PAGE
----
ABOARD THE OCEANIA INSIGNIA — Santa Claus arrived at Oceania’s Insignia right on schedule on Christmas morning, but this being a luxury cruise line with no facilities or programs for children, there was only a handful of youngsters aboard. Still, each was called by name to meet the Jolly Old Elf seated in the stairway landing of the great hall surrounded by garlands and Christmas greenery. And each received a wrapped gift and was invited to sit on Santa’s lap.
After the kids took their turn, the adults filed in for photos with Santa, selfies and posed shots taken by family and friends. Twenty- and thirty-something gals got the giggles seated on Santa’s thigh, something the white-bearded gent seemed to enjoy. Up one level, servers poured eggnog for all.
The Insignia was decked out in tasteful holiday finery when we boarded two days earlier. Gingerbread houses stood at the entrance to each of the four restaurants and an entire gingerbread Christmas village depicting scenes right out of Dr. Seuss was tucked into the corner of the upper hall. The kitchen staff was still working on it when I took my first walk through the ship. White icing was spread on miniature paths to simulate snow and meringue mushrooms were gently positioned along the route to pose as snowmen.
Throughout the ship Christmas trees dotted public spaces, poinsettias brightened tables and stairwells. A few passengers got into the act, decorating their stateroom doors. Returning to our stateroom after dinner we found a wrapped gift on our bed: a lovely glass ornament in a velveteen box.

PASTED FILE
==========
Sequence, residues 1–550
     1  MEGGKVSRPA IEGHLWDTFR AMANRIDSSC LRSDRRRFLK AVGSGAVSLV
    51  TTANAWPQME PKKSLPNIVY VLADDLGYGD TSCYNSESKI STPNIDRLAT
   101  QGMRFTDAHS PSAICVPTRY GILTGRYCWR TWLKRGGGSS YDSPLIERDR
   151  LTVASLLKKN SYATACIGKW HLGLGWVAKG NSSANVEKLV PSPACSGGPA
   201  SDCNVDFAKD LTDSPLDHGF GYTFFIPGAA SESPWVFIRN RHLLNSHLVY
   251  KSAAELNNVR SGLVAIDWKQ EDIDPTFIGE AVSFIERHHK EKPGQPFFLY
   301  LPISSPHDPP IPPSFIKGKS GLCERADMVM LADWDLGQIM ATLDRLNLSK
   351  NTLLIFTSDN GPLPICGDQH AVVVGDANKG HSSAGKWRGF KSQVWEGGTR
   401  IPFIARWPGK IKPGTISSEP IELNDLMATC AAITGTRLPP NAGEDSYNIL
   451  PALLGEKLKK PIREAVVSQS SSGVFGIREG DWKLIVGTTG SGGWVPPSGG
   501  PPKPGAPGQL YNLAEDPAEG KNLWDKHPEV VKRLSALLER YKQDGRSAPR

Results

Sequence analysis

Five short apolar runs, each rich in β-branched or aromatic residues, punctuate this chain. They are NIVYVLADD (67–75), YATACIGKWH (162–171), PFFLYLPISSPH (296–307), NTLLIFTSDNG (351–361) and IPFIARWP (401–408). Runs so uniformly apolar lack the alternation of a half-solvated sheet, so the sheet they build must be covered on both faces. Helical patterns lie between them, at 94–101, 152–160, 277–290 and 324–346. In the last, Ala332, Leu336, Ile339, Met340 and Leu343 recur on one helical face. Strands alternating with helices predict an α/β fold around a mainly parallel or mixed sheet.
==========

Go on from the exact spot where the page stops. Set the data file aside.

With both Christmas Eve and Christmas Day full days at sea, we had plenty of time to relax and enjoy the festivities, quite a contrast from past holidays spent driving in a snowstorm to a relative’s house or sweating over a hot oven in my kitchen and diving into a counter full of dirty dishes. Still I missed spending time with loved ones, especially the youngest in our family.
Christmas Eve happened to coincide this year with the lighting of the first Chanukah candle. Jewish passengers gathered for a simple, intimate service in a café off the pool deck. With no rabbi on board, passengers took matters into their own hands, taking turns leading readings, lighting the menorah and singing traditional songs. Someone asked where everyone was from, and voices rose from around the deck: New Jersey, Arizona, Florida, Mexico, Germany, France.
Two Christian services took place in the ship’s main lounge. Passengers attending the larger, beginning at 11 p.m. Christmas Eve, filled two-thirds of the seating. The ship’s band, string quartet and performers provided music and led the singing of traditional carols “Joy to the World” and “Hark the Herald Angels Sing.” In place of ordained clergy, the cruise director led the hour-long nondenominational service with Bible readings and sermon by passengers and crew members. A shorter version of the service drew a smaller group of passengers on Christmas morning.
Plenty of secular holiday diversions filled the roster of activities, too: a screening of the 2009 remake of Dickens’ “A Christmas Carol” starring Jim Carrey, a Christmas sing-along lead by the ship’s pianist in Martini’s Lounge in the morning followed by a White Christmas Martini Tasting in the afternoon.